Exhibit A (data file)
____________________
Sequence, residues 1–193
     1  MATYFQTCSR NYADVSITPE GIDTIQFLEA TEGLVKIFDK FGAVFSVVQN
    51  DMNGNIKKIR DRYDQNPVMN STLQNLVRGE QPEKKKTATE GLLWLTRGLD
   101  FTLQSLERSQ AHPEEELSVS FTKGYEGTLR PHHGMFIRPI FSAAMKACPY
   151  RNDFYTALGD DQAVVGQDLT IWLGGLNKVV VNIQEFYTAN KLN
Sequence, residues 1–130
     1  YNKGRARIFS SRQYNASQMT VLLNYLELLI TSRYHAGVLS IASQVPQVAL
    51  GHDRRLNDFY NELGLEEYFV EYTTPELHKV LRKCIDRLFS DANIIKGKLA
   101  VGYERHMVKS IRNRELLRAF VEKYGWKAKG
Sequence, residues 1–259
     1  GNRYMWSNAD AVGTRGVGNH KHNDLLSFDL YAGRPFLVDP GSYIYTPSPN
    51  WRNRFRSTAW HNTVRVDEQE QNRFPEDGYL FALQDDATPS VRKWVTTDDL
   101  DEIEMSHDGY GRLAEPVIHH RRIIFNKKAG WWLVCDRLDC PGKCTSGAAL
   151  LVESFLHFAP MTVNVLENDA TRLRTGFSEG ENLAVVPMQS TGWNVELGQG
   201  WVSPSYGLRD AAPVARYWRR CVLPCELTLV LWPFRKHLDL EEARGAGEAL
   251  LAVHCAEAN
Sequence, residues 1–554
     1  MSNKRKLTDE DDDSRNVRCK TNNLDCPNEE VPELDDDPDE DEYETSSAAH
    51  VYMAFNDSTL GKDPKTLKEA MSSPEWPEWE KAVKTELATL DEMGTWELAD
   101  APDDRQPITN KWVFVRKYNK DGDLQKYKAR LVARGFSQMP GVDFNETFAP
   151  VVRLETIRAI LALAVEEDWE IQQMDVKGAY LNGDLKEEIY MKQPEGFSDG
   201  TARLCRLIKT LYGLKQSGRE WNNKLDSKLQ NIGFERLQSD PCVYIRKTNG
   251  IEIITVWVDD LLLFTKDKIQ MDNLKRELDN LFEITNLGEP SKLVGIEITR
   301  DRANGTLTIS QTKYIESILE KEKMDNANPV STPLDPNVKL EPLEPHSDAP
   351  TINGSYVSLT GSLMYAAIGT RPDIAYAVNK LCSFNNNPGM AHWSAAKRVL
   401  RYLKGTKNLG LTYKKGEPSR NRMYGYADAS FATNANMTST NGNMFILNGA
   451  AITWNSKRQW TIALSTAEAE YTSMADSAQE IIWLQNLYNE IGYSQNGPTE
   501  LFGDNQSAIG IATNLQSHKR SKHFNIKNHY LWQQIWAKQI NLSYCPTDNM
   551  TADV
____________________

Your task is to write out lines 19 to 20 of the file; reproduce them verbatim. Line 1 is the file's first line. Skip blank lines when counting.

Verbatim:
    51  VYMAFNDSTL GKDPKTLKEA MSSPEWPEWE KAVKTELATL DEMGTWELAD
   101  APDDRQPITN KWVFVRKYNK DGDLQKYKAR LVARGFSQMP GVDFNETFAP